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Health News of Wednesday, 6 February 2013

Source: GNA

Health personnel to sign performance contracts

Health personnel at all levels are to sign performance contracts, beginning this year, as basis for appraisal and promotion.

Dr Erasmus A. Agongo, Director of Policy Planning, Monitoring and Evaluation (PPME) of the Ghana Health Service (GHS) said this at the Volta Region Review Conference of the Service in Ho on Tuesday.

Making a presentation on behalf of the Director General of the GHS, Dr Ebenezer Appiah-Denkyira, which dwelt on the vision and priorities of the GHS under the theme: “Accountability for the Achievement of MDG Health Outcomes,” he asked health personnel to be constantly mindful of the “Presidential Challenge: Access and Quality Care,” in the performance of their duties.

He said clinical care was the eye through which the public saw the GHS and lamented that patients, irrespective of whether they are staff or not, are not happy with the treatment they received.

Dr Appiah-Denkyira charged managers in the GHS to “deploy initiatives where there is no money” because the service could not continue to look up to external funding now that the country had attained middle income status.

He said the Service had several achievements under its belt over the years and had excellent human resources to be able to face the challenges that confronted it.

“Together we can,” he said.

Dr Joseph Teye Nuertey, Volta Regional Director of Health Services, said statistics from the districts showed a mixed performance in 2012 compared with 2011 in most of the performance indicators.

He said: “58,532 pregnant women had TT2+ in 2012 compared with 57,272 in 2011.

"The risk reduction during trimester was 14.1 percent in 2012 as against 16.5 in 2011.

"Maternal mortality also decreased slightly from 87 deaths in 2011 to 82 deaths in 2012,” he said.

Dr Nuertey said skilled delivery was still low in the region though it increased from 43.1 percent in 2011 to 47.0 percent in 2012.

“The worrying trend though is the rising of TBA deliveries.”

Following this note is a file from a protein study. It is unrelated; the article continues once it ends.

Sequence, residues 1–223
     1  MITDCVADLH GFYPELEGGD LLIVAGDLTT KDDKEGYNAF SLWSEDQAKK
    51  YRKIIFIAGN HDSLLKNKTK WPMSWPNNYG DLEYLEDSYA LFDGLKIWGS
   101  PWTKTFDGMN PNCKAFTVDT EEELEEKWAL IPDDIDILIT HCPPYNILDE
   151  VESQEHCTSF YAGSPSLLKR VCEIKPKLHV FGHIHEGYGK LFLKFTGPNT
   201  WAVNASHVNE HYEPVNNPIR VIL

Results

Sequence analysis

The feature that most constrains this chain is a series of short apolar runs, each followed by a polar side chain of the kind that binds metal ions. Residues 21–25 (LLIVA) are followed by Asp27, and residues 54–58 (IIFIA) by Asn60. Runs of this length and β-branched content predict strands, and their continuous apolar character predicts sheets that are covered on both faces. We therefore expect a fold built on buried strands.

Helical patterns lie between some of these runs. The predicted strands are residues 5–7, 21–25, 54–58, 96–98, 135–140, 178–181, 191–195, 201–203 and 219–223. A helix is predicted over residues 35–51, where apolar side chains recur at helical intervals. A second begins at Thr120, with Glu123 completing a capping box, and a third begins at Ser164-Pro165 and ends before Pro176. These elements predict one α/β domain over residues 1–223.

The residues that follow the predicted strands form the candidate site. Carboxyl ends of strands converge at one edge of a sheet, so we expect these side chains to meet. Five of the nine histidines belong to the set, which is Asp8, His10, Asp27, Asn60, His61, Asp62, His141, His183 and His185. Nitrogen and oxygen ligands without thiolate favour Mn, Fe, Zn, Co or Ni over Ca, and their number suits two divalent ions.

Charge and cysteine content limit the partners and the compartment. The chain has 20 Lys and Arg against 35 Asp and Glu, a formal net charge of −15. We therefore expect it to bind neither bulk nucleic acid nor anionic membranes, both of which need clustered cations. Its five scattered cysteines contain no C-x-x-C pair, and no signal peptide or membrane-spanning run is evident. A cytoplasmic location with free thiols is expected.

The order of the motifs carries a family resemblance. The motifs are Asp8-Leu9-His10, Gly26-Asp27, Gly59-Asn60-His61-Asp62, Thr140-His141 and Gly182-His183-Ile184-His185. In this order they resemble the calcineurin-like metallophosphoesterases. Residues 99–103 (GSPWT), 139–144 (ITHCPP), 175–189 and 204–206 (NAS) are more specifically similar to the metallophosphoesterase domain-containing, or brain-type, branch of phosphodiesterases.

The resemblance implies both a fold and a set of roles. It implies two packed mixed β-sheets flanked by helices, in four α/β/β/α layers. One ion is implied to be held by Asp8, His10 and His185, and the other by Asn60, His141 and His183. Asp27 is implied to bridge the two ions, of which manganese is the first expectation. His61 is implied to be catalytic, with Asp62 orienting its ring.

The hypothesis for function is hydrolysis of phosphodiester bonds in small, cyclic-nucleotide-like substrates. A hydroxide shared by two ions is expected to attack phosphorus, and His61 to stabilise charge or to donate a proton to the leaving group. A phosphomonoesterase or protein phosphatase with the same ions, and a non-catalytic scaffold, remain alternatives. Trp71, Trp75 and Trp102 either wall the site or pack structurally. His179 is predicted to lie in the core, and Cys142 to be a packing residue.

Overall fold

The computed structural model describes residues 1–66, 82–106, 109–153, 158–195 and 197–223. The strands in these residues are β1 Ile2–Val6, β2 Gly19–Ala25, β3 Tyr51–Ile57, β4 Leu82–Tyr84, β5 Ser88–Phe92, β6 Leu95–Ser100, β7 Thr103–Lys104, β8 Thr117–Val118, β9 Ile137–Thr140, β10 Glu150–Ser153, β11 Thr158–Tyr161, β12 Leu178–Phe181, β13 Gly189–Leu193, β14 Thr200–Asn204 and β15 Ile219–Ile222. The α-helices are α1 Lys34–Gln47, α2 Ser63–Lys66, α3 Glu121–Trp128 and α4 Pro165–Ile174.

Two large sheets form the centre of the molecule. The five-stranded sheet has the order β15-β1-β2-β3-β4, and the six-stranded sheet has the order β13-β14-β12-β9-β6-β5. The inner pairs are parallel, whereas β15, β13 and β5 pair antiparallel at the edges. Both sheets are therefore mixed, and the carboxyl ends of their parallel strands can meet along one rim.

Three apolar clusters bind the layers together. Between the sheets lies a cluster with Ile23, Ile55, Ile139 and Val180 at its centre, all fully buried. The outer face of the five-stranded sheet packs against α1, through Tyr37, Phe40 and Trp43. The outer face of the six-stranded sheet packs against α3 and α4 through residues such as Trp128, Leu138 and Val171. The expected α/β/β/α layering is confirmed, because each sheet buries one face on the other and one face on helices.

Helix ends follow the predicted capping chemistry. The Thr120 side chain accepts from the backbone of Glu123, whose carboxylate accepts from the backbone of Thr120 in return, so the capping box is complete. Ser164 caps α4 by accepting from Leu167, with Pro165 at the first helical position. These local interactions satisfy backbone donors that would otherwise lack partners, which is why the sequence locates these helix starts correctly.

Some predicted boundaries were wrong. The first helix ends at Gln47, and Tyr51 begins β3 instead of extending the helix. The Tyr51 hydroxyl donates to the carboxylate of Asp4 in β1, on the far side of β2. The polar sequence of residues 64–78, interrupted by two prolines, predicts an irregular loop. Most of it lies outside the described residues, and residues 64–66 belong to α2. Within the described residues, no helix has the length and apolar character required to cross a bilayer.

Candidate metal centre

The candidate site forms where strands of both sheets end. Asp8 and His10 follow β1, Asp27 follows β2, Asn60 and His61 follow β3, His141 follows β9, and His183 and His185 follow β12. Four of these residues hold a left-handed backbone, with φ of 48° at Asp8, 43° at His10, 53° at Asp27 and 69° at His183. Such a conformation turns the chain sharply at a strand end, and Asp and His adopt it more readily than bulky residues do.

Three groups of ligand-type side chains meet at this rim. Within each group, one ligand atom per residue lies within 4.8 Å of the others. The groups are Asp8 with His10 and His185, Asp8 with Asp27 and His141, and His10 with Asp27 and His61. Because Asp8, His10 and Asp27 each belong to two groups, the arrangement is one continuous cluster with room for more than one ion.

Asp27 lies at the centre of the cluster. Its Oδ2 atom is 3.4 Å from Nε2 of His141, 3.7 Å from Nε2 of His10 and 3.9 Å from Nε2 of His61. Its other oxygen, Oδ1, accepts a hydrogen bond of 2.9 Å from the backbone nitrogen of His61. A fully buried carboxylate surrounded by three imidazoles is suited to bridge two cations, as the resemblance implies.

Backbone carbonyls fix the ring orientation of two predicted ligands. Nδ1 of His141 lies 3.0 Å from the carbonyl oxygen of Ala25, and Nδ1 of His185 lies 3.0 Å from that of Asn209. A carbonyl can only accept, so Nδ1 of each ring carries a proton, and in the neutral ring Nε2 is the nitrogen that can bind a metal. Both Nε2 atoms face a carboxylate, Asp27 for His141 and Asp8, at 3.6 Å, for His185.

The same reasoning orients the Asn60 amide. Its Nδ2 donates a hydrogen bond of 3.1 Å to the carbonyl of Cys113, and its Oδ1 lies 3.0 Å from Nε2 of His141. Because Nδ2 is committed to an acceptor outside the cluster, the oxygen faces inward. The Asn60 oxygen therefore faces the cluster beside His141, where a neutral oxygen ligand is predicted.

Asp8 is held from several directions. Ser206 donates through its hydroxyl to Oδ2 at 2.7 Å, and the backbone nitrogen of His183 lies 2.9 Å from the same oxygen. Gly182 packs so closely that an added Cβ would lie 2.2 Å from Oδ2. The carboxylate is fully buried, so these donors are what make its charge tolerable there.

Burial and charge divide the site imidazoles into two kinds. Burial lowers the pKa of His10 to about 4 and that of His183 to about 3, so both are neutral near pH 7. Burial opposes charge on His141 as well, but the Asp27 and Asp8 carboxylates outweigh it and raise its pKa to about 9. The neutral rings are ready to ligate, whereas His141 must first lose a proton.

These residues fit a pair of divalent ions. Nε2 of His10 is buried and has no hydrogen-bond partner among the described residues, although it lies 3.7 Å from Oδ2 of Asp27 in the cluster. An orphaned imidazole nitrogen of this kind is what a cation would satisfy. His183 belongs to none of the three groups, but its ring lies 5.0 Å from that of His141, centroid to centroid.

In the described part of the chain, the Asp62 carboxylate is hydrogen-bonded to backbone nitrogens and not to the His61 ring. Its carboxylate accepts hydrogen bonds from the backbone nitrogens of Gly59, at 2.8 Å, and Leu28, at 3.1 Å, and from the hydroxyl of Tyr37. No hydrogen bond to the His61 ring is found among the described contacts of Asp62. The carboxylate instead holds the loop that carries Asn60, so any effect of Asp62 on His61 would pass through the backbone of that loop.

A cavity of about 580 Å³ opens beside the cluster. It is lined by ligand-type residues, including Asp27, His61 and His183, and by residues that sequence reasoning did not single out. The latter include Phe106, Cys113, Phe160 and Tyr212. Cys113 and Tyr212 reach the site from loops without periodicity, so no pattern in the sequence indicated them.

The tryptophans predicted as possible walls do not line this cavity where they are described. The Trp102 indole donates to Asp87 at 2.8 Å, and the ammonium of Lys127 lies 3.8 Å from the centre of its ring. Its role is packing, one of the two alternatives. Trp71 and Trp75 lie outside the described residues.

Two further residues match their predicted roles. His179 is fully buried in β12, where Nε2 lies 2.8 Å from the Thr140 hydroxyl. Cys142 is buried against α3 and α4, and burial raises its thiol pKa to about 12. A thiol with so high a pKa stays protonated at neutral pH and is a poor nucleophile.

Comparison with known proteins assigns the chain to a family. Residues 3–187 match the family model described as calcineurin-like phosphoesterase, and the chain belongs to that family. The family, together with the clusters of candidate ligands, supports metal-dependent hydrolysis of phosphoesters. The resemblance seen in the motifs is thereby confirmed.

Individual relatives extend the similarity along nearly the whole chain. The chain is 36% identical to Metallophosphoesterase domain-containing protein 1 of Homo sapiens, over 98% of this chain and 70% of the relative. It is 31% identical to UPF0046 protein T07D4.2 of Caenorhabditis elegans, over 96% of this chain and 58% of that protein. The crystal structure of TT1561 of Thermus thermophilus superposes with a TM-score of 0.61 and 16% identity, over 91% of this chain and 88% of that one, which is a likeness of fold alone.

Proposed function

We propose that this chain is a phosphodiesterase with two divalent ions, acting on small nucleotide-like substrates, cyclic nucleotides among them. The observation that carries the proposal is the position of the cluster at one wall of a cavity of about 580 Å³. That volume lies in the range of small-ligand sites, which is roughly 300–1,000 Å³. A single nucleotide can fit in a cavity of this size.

He said immunization generally in the region had declined because of lack of access to populations in the island communities of the Volta Lake which constitute 20 percent of the population which needed to be covered.

There was also frequent breakdown of vaccine fridges and motor bikes which worsened travelling challenges in the northern part of the region.

Dr Nuertey said the World Health Organisation had extended some support to help tackle the challenges.

He commended the region’s hospital management teams for the effective use of the internally generated funds which had contributed to the remarkable improvement in infrastructure in the hospitals.

“It is noteworthy that in the year 2012 no case of financial malfeasance was reported in any of our budget management centres,” Dr Nuertey said.

He said the peer review of hospitals in the region had engendered drive for excellence in the maintenance of the hospitals environment and hinted that this would be extended to the lower structures of health delivery in the course of time.

The caretaker Deputy Volta Regional Minister, Mr Henry Ametefe, called for closer working relationships between the municipal and district health directorates and those of the hospitals and facilities.

He also called for the inclusion of the midwifery system into the management systems in the region.

Mr Ametefe urged managers of health in the region to involve their workers in decision making and dissemination.

“They have some of the best ideas to fixing problems,” he said.

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